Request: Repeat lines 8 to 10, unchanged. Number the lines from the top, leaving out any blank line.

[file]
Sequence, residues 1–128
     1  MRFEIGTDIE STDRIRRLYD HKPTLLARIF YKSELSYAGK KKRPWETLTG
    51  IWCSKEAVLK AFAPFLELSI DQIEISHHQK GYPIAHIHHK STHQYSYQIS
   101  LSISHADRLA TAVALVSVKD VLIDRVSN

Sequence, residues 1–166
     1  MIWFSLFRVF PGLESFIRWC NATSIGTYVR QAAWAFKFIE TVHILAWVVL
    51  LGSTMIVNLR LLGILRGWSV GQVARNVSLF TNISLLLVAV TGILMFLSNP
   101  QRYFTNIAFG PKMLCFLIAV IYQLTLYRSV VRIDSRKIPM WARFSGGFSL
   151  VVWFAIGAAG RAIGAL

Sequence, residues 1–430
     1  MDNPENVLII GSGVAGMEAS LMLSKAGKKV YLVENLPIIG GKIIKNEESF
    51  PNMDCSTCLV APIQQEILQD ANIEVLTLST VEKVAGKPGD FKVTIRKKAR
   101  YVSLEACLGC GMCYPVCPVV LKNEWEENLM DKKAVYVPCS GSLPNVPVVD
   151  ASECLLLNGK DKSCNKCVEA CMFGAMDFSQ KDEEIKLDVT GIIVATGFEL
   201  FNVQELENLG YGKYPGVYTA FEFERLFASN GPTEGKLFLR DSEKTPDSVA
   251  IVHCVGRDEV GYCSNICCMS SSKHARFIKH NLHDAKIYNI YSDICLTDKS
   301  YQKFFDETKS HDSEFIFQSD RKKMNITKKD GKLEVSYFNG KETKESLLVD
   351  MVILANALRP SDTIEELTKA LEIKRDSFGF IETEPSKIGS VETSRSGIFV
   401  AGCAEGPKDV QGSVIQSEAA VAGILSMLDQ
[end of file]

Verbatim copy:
   101  QRYFTNIAFG PKMLCFLIAV IYQLTLYRSV VRIDSRKIPM WARFSGGFSL
   151  VVWFAIGAAG RAIGAL

Sequence, residues 1–430